You know what I'm talking about with the phrase "that feeling of Christmas" right? The warm fuzzies, the cozy by the fireplace picture of a perfect family in matching pajamas opening presents near the glistening tree, mittens and hot cocoa after making a snowman feeling of Christmas. Do you feel it?
I've had that conversation more times this week than ever before. "It just doesn't feel like Christmas." Most people around me are blaming the 60 degree weather. Maybe that's it, but I have other theories.
Maybe it's old age and the magic seems gone.
Maybe it's loss or the memories of loved ones no longer here with us. For my family and so many other people I know, this is especially tough.
Maybe it's the busyness of the season and all the calendar things and lists and chaos.
I don't know what it is, but it just doesn't feel like Christmas.
But I do know this to be true: it's still Christmas, whether we feel it or not.
Jesus still came, even though he didn't come as the people expected. They expected a king, and they got a humble baby who couldn't feed himself much less rule a nation from his cloth diaper. I'm sure some of them didn't feel like He was the king, even when they were told who He was. My guess is that even Mary and Joseph, though they knew what was true, didn't feel like He was their Savior that night after she labored and pushed him out of her very own body. The physical labor had to make it feel so much more like Jesus was her son and not God's.
Isn't it so much like today? I've had the conversation with high school girls numerous times about not feeling close to Jesus, and I've had to explain that our feelings don't dictate what we know to be true. I have to preach this to myself just as well. Just because we don't feel like He is near doesn't mean He isn't. Perhaps it's in those times He's nearer than ever and we let our feelings get in the way.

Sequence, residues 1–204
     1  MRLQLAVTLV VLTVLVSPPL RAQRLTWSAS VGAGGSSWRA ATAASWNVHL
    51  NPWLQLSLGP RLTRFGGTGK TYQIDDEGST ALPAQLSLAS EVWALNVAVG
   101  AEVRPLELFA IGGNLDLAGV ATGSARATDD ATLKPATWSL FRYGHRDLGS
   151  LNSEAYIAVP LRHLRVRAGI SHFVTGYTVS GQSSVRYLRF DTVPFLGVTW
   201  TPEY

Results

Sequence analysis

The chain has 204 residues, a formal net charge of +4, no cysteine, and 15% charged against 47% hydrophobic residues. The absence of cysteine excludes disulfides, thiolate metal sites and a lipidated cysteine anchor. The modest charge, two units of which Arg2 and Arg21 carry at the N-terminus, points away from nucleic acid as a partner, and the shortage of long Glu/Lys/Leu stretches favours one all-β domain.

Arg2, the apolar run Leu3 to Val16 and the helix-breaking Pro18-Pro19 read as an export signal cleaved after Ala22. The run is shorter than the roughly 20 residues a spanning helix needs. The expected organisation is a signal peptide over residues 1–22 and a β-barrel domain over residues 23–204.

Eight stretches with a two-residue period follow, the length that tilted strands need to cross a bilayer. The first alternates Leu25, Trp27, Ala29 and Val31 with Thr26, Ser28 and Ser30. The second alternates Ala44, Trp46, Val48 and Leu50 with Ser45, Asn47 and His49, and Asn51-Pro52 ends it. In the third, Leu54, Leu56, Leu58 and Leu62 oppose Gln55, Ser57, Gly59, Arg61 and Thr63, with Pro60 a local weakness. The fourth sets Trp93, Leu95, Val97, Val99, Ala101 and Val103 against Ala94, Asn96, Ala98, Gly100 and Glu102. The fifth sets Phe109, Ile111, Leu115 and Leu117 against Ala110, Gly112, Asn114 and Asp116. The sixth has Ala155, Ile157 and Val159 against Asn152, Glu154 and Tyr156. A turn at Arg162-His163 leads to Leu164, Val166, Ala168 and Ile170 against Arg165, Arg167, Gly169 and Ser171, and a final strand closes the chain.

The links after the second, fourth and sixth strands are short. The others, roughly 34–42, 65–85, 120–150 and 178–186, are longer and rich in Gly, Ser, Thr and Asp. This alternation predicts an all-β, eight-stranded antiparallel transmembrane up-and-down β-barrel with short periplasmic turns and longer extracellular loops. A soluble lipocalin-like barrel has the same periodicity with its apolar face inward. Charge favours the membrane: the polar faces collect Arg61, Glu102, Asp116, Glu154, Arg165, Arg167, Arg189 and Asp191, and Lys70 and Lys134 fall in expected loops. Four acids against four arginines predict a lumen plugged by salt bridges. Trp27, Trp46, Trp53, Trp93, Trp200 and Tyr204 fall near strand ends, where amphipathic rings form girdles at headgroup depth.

Just because we don't feel like it's Christmas doesn't mean it isn't. He still came. He's still coming. Maybe it's all the other things we've deemed "Christmas" to be that have taken away our ability to see him or feel his nearness or his coming. This is the very nature of the waiting. The coming.
As we wait, we do in fact feel things, but they aren't always the warm fuzzies. We have feelings, but mine in the past week have been feelings of stress, chaos, frustration, bitterness, anxiety, and everything far from Christmasy. I've also noticed a trend that this happens to me every year at this time. I'm wondering if this is exactly why - so I could recognize this very night that the waiting and the feeling and His coming are all tied together in this crazy, unexpected way that doesn't go with the Norman Rockwell or Thomas Kinkade paintings we have in our minds of snowfall and Santa scenes.
It was a broken world when Jesus came then. It's a broken world that Jesus will come to when He returns. It remains a broken world as we wait until that day, but He is here. And that is as close as He could ever be - here with us.
I hope that will sink in and give us all some warm fuzzy feelings but more importantly the knowledge and peace that comes with His presence even when our feelings cloud our vision.